The Dreaded Trinity of Identity Theft, Application Fraud, and Account Takeover, commissioned by Accertify and produced by Aite Group, examines trends in identity theft, application fraud, and account takeover. Aite Group’s 2021 consumer research reveals insights into how these criminal activities relate to one another and impact financial services providers, merchants, and any company interested in managing the security of customer accounts.
Identity theft can be viewed as the act of stealing someone’s personally identifiable information (PII). This may include a credit number, Social Security number, tax ID, or other credentials for the purpose of committing fraud. Many different types of fraud can result from identity theft.
Market forces have driven growth in identity theft over the years and environmental conditions caused by the coronavirus pandemic accelerated the growth. Financial services firms are a prime target, but fraudsters also attack merchants, hospitality companies, travel companies, government agencies, and any institution charged with protecting customer accounts and managing cash or cash equivalents. In conjunction with the increase in attack rates is pressure from consumers to enhance security measures, without adding friction to the user experience.
Read on to learn statistics from the survey about the impact of identity theft and available solutions for identity fraud management.
Estimated 90% of the U.S. Population Impacted by Identity Theft
The Aite Group’s Financial Crime Forum surveyed 47 fraud executives. The data from this online quantitative survey revealed the following:
- 90% of the U.S. population has had personally identifiable information (PII) acquired without their authorization.
- 47% of the respondents say that their personal information has been used for either application fraud or account takeover fraud.
Extrapolating these percentages to the total adult population, around 120 million U.S. adults are victims of identity theft each year. Due to large-scale data breaches, and common protocol for measuring such breaches, accurate numbers for individuals whose PII has been fraudulently acquired may not be fully known. Most fraud experts say it is safe to assume that most individuals’ PII has been or will be stolen at some point.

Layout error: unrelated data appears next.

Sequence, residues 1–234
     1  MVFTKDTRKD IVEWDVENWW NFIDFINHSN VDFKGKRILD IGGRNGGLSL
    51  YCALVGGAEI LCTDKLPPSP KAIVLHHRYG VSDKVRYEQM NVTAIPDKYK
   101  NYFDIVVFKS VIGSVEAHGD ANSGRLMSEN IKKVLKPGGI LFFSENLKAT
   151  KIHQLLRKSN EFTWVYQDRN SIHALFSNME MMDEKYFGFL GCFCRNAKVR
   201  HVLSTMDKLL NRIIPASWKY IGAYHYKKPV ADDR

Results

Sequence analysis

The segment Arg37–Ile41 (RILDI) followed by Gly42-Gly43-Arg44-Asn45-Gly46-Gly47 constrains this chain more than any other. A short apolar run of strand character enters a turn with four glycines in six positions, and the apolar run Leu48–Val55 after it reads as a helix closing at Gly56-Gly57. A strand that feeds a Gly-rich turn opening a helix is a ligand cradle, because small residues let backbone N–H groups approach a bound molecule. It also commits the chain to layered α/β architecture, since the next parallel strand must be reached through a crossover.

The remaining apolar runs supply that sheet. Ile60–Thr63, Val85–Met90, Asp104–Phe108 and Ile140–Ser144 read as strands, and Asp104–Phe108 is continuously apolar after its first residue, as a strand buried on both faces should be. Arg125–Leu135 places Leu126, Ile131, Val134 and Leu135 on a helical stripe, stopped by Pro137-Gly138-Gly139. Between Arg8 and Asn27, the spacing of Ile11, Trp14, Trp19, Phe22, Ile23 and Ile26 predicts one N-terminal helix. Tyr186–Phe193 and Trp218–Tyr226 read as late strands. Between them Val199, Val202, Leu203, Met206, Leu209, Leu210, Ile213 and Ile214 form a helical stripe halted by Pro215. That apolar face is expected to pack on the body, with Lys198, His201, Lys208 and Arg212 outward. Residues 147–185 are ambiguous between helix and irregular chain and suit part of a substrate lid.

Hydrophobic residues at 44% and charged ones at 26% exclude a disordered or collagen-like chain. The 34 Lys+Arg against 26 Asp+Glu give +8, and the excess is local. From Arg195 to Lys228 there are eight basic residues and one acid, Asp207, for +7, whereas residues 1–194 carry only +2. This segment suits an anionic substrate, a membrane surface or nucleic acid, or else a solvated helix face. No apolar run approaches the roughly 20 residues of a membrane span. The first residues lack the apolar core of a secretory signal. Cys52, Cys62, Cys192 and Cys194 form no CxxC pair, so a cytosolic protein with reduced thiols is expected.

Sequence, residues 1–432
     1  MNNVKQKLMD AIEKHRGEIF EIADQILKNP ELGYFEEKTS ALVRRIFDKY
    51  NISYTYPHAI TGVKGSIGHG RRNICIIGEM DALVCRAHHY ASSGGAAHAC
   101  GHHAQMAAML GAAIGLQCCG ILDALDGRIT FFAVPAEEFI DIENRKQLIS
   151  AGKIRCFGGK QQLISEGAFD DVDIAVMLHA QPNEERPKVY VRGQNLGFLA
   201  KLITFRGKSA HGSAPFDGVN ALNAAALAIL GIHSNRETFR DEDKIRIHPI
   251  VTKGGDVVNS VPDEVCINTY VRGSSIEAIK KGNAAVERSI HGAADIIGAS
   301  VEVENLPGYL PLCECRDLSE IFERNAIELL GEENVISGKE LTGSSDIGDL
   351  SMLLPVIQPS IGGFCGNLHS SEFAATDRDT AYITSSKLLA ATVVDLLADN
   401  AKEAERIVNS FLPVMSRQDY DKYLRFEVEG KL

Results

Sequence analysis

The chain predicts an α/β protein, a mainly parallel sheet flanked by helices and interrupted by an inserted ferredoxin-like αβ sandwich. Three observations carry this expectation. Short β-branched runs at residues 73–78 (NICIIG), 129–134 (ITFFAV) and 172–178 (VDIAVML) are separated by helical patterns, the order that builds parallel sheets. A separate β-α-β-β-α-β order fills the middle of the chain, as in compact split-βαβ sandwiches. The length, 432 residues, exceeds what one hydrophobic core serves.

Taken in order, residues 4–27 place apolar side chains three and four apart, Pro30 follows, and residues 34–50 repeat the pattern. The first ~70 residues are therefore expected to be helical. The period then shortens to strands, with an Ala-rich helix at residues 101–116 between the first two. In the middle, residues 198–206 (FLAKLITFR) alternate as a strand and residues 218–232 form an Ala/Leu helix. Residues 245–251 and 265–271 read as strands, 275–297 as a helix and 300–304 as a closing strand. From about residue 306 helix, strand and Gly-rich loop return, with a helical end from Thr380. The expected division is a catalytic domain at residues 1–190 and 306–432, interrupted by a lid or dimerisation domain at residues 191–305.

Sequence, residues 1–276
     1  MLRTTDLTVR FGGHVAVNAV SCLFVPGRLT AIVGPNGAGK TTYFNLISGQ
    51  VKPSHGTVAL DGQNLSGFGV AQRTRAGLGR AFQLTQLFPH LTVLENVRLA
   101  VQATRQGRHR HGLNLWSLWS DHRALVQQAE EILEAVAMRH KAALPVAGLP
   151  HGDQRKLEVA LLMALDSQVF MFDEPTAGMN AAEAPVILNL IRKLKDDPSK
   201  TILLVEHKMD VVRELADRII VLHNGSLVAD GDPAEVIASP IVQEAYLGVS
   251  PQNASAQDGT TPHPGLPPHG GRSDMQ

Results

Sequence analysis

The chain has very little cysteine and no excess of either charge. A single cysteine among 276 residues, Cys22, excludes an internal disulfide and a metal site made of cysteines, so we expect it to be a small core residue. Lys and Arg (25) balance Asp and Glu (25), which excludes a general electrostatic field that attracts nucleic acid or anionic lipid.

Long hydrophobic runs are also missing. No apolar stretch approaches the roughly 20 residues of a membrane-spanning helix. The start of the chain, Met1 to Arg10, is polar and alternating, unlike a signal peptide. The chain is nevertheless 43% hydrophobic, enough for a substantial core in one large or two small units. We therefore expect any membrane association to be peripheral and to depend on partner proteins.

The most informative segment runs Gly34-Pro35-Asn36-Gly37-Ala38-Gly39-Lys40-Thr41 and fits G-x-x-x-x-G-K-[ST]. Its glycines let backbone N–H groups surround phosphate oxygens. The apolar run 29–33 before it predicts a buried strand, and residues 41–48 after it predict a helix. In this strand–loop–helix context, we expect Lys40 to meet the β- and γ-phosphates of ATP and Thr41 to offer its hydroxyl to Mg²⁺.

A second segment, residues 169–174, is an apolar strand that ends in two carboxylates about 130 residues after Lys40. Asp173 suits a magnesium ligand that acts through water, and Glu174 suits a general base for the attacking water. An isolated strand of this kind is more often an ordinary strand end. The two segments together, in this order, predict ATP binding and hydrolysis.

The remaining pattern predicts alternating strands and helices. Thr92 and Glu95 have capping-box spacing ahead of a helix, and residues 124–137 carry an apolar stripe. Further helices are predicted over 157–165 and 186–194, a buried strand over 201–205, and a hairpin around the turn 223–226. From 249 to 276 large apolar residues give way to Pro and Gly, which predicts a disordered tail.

Two Types of Identity Theft
There are two primary ways that cybercriminals make use of identifying information in the financial industry:
- Application fraud, in which a new account is opened using a stolen identity.
- Account takeover fraud, in which someone obtains control of an existing account to commit criminal acts.
These are almost equally distributed forms of criminal activity:
- 37% of U.S. consumers have experienced application fraud in the past two years.
- 38% of U.S. consumers have experienced account takeover fraud in the past two years.
Account Types Vulnerable to Identity Theft
There are a wide variety of account types commonly targeted by criminals for identity theft. The survey broke down those which are most common:
- Checking account: 27%
- Credit card: 25%
- Mobile phone account: 21%
- Health insurance: 17%
- Utilities: 14%
- Life insurance: 14%
- Property and casualty insurance: 12%
- Federal and state tax authorities: 14%
Consumer loans, investment accounts, mortgage loans, and unemployment benefits also made the list.
Identity theft occurs on almost every platform online. Businesses can assume that their customers’ personal or financial information is a vulnerable target for fraudsters. Once login credentials, account numbers, or other information is stolen, untold damage can occur. The platform itself is at risk for losing money through chargebacks, as well as suffering reputational loss.
Streamlined identity fraud management protection may render the outcomes of identity theft less impactful, even useless.
Accertify: Identity Fraud Management
Accertify provides digital intelligence solutions that protect online platforms from the effects of identity theft. While identity theft is not easily preventable, it is possible to reduce the impact of typical outcomes, which include application fraud and account takeover fraud.
Identity fraud management solutions should provide layers of protection to protect customers’ digital identities and reduce the risk of financial loss. Accertify solutions are built on five pillars of trust, all of which can be analyzed to protect genuine users:
- Device: The device used to connect to the internet.
- Connection: How a user is connected to the internet: assessment of the network provider, the two typical endpoints (or ISPs), or other aspects of connectivity.
- Location: Geographical location, or where a user logged in or connected to the internet.
- Behavior: User behavior, such as T-stroke dynamics, including how a user typed in their name, address, password, or other information.
- Reputation: Historical data, or insight into reputation and what is known about the information a user entered with respect to the network.
This is an end-to-end analysis. While it may be possible for fraudsters to spoof one of these points, it is extremely difficult to spoof all five.
This is even harder if Accertify digital identity tools are actively analyzing and checking all of this information. Developed by former in-house fraud and risk managers, Accertify solutions are a reliable way to address the sophisticated and complex threats your organization faces daily.
Request a consultation to learn how implementing an identity fraud management solution will help you fight application fraud and account takeover fraud.